The idea is that all vehicles and road infrastructure such as road signs, parking spaces or tolling stations will communicate with each other to create and share new kind of travel and traffic information. The network is called Cooperative Vehicle Infrastructure System (CVIS) and will be based on a variety of carriers including cellular, mobile Wi-Fi, infra-red or short-range microwave channels. It is designed as an open platform, so that it can provide many different applications depending on the needs of the driver.
Pilot trials across Europe already demonstrate how the traveller of tomorrow will be able to use the CVIS system. In Turin, for example, signals from traffic lights inform the driver when they will turn green and indicate an optimal car speed on the dashboard. In London the CVIS system helps delivery drivers to unload their goods in a busy high street without blocking the road.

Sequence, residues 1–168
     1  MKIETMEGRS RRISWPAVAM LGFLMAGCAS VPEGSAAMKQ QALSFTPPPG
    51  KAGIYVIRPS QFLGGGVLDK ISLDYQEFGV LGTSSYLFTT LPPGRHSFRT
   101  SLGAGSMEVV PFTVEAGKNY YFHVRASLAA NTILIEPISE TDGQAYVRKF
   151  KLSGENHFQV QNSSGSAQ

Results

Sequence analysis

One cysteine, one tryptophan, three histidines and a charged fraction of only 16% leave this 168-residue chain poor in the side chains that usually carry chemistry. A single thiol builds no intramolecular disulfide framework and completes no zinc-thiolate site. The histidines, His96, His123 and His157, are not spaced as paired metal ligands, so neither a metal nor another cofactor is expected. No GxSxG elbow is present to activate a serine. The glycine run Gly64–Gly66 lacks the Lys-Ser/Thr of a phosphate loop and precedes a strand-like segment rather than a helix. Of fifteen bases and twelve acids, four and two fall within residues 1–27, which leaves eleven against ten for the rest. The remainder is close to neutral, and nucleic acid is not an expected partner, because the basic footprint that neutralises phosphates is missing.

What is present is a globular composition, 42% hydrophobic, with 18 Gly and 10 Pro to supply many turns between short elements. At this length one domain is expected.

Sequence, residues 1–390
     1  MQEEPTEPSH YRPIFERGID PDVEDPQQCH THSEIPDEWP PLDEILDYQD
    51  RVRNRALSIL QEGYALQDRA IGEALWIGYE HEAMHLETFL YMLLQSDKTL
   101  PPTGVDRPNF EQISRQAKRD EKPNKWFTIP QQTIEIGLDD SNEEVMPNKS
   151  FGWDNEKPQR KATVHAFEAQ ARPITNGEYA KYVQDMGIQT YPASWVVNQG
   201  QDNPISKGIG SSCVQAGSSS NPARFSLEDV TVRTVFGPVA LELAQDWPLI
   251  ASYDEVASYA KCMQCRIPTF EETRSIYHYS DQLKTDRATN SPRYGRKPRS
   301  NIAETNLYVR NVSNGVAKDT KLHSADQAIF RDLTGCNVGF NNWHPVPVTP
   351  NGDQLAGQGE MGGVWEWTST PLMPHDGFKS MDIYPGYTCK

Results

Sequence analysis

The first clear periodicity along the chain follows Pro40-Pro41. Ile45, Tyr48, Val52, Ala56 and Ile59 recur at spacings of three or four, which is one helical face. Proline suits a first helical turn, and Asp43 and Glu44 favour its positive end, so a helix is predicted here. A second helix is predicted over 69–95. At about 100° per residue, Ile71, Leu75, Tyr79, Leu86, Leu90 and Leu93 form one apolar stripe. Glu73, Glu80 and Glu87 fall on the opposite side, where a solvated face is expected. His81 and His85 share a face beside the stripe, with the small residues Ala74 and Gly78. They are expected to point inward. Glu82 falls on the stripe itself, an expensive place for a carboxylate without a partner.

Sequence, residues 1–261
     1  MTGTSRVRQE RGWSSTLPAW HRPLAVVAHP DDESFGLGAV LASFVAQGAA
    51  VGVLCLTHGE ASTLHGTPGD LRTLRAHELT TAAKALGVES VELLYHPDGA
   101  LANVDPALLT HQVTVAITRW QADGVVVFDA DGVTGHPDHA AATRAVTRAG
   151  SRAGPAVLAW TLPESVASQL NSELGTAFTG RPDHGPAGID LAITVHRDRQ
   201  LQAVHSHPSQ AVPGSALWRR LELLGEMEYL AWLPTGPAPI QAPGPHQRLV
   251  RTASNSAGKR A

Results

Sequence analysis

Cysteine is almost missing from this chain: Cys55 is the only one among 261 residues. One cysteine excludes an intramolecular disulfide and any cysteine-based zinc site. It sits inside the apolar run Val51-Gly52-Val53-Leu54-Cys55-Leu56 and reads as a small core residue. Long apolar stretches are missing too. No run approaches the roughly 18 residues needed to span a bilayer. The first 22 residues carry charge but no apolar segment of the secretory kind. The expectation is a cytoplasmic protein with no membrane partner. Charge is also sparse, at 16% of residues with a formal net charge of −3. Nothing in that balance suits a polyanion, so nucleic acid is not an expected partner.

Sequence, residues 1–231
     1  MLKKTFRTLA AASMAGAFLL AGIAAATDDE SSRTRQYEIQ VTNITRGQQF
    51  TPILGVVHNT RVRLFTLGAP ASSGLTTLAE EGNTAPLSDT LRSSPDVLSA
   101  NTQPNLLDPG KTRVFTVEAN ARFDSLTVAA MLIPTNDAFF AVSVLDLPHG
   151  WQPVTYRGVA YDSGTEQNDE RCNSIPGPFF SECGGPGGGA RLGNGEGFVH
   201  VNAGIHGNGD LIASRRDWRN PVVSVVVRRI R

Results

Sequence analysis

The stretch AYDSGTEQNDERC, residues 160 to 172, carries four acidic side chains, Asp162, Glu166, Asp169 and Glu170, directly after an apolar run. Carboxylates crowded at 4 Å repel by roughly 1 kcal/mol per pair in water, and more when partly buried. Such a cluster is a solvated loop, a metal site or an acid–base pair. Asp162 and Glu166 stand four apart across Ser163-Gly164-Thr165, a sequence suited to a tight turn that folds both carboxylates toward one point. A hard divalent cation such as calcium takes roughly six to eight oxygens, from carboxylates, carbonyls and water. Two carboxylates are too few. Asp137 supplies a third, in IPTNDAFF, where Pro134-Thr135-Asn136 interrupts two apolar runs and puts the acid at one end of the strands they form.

However, critics are concerned about privacy issues. Permanent monitoring and constantly being connected to infrastructure and other cars raises questions of the privacy of personal data. David Martin-Clark is a lawyer based in London who has been looking at these issues in detail. He believes that data protection will need to be integrated right from the beginning when new applications are being structured. “From my point of view”, so his verdict, “CVIS is doable”.
On the other hand, the potential benefits of a connected traveller are impressive: CVIS contributes to the driver´s efficiency. It saves fuel and time and reduces emissions. So far, the project is still limited to the pilot trials, but engineers expect that the system will be implemented on a larger scale within the next decade.
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